“They become our kids because we’re with them when they’re at Summer Shootout,” Batycki said. “We got to know them as little kids, so that when one of them does well, it’s just like an uncle feeling good about it.
“When William wins (his first Cup) race, it’s going to be just as exciting – like, that little kid made it, that little pup made it.”
Chad Knaus has taken Byron and turned the former Legends champ into a driver who appears on the verge of his first Cup win.
Post recalled one instance last season that, much like when Byron studied Legends racing, typifies how studious Byron remains.
“Last year at Dover, I saw William and Chad Knaus walking the track,” Post said. “They were talking about arcing the car down in (the corner) and Chad talking about different things as well.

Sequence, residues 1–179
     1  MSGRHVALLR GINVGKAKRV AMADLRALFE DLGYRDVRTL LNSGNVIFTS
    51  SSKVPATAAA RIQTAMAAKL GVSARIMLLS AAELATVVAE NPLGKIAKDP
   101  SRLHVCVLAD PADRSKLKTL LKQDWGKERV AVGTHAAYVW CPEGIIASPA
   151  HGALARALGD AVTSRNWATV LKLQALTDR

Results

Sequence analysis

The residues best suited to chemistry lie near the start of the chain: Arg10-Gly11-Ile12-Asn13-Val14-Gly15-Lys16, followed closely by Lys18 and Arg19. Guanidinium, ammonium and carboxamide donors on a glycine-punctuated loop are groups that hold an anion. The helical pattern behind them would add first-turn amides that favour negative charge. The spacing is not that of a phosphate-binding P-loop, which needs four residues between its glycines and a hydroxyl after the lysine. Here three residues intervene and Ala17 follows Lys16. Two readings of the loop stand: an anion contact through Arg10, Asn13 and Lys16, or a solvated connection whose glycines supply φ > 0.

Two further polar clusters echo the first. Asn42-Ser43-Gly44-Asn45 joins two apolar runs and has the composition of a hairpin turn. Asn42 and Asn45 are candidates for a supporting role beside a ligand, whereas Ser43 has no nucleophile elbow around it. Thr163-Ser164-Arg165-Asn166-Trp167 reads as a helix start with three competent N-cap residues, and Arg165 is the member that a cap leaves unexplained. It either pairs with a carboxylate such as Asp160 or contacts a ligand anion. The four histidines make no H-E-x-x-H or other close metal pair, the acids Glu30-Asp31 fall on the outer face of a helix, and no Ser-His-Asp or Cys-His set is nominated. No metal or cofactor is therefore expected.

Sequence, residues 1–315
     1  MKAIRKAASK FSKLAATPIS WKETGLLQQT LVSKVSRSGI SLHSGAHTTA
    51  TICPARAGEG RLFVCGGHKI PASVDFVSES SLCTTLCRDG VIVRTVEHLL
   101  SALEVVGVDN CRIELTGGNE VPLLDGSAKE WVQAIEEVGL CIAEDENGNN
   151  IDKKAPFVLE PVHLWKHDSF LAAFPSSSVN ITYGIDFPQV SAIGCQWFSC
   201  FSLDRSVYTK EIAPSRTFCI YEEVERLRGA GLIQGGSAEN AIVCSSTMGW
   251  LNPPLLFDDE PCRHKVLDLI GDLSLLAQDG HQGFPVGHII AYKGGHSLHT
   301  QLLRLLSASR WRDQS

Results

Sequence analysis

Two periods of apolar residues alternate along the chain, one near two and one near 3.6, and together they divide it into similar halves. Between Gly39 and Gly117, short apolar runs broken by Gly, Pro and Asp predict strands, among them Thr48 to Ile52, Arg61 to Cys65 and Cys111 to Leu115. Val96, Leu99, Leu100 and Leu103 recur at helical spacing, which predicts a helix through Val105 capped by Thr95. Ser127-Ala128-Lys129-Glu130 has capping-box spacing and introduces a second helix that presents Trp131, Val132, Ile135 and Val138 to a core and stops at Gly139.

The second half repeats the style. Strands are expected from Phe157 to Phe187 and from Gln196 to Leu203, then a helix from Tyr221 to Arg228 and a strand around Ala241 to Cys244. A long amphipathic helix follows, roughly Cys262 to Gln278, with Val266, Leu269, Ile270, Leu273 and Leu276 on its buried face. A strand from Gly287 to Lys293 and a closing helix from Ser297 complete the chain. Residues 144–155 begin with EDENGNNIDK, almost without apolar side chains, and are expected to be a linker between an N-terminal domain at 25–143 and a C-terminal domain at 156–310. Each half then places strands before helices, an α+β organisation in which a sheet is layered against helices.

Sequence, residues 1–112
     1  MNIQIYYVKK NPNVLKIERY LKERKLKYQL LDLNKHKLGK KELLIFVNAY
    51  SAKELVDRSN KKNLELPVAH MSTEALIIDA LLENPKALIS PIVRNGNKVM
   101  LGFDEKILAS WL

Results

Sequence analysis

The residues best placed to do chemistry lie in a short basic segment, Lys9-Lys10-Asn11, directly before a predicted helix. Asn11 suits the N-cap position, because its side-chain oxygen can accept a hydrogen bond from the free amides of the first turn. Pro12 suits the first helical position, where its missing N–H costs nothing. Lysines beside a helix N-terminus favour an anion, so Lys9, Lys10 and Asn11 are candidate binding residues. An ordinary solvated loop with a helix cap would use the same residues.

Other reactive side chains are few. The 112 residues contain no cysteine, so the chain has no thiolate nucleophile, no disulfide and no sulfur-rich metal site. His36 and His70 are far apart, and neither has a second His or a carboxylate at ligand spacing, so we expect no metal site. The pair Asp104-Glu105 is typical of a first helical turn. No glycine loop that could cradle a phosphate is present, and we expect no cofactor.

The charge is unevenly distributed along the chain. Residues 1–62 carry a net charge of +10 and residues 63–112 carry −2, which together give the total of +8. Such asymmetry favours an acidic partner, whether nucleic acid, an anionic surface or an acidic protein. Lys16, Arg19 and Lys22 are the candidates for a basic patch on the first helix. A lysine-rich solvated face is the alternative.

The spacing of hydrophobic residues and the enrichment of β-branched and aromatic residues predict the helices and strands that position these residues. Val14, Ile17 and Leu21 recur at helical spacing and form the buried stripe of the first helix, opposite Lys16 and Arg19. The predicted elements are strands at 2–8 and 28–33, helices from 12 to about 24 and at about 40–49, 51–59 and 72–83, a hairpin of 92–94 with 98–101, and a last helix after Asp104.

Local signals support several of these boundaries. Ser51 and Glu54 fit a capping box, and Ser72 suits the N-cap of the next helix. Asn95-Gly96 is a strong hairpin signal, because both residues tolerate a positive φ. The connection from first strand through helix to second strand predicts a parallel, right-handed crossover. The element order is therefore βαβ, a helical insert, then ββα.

“It just really did my heart well because one of the kids I used to talk about in the Summer Shootout is now debriefing and talking with Chad Knaus.”
Added Batycki, “It’s taken somebody that idolized Chad as a fan and now who listens to him as a driver, there’s that almost instant karma. … It’s hard to go against a seven-time championship crew chief, especially when you probably had a poster or picture of him up on your bedroom wall.”
What does Knaus think of Byron as they head into their second season together?
“He is very intelligent,” Knaus told NBC Sports. “I mean, there’s no doubt. He can diagnose, look at data, draw conclusions, watches (and) studies. Those are things that are going to take him to the top.
“I’ve seen a huge shift in him from a personality standpoint, which I think is good. He rolled into my office in October (2018) when Jimmie (Johnson) and I decided to split up. … William came in, he was kind of mousy, pretty quiet, a little intimidated and all that.
“And now he rolls in, he’s got his hair looking good, his shoulders are back. He’s wearing cool clothes. He’s got it. He’s got that thing that we want in all of our race car drivers.
“So his personality has changed tremendously, his confidence has changed tremendously. He gets in the race car now and he’s like, ‘Man, I’m going to go fast.’”